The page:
Article by NEWSWEEK Ewan Thomas

In Washington, in the early afternoon of Nov 22, 1963, the phones went dead. Cars swerved, ignored red light’s, honked angrily. In a taxicab, Assistant Secretary of Labor Daniel Patrick Moynihan anxiously watched people ‘leaving the city as fast as they could. There was the sense, 'he later recalled,' that something awful had happened, and something more awful might happen. Moynihan reached for his billfold, which contained a map of roads leading to the cave in West Virginia where sub cabinet officials were supposed to meet in the event of a nuclear attack. He put away the billfold. The traffic was so snarled he couldn't get there. At 35,000 feet over the Pacific, senior officials in the Kennedy administration wept.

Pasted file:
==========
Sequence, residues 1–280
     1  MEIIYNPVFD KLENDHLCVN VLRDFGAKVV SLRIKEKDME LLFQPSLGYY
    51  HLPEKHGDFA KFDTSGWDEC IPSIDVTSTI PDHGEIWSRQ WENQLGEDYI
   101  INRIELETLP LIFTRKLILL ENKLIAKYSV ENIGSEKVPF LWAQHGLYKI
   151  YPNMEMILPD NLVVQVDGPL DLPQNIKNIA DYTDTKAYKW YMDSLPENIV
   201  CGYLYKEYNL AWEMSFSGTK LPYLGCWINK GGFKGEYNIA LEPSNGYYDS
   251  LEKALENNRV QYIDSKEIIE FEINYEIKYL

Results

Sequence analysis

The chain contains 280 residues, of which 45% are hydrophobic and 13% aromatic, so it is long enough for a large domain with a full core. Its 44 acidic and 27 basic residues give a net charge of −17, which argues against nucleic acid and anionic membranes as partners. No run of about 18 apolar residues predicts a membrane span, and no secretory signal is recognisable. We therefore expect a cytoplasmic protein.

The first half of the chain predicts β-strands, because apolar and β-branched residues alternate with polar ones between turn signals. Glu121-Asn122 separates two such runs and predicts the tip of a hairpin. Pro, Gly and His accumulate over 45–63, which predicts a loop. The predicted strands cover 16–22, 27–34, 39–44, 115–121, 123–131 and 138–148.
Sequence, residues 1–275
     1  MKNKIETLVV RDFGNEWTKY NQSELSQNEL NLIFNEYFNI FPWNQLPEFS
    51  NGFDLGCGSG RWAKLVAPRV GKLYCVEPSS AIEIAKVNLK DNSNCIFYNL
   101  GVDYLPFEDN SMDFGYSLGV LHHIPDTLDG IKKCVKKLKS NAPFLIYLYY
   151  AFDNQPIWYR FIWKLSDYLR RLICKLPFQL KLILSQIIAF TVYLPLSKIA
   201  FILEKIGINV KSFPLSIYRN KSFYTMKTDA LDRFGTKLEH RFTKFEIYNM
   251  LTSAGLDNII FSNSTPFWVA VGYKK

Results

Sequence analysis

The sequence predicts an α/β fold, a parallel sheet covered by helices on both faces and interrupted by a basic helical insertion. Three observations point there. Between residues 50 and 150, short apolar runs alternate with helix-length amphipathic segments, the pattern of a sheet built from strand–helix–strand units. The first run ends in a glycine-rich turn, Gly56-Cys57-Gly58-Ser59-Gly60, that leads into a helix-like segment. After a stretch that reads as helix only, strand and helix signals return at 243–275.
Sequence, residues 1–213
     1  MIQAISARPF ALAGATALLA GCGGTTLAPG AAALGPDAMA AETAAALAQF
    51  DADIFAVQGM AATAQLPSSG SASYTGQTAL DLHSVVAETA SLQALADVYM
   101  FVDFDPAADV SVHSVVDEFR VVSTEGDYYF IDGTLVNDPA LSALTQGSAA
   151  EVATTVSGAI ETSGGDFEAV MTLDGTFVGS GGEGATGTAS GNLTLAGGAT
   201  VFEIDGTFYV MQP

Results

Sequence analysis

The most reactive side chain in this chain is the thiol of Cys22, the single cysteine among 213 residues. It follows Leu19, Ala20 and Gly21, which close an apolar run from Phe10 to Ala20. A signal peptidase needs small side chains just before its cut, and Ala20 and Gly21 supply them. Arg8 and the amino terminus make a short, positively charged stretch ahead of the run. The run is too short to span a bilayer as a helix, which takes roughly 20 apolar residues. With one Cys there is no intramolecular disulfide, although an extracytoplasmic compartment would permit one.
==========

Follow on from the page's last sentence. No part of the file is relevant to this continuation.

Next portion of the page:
A ‘half dozen’ of them, most of the top officials on the President’s cabinet, were on their way to a meeting in Japan. Trapped in an airplane half an ocean away from the mainland United States, several feared that the President's death was the opening blow of a plot. Summoned to the front of the plane, Treasury Secretary Douglas Dillon assumed that a thermonuclear device had exploded over an American city. Over the plane's public-address system, Secretary of State Dean Rusk prayed, ‘MAY GOD HELP OUR COUNTRY.’ ...

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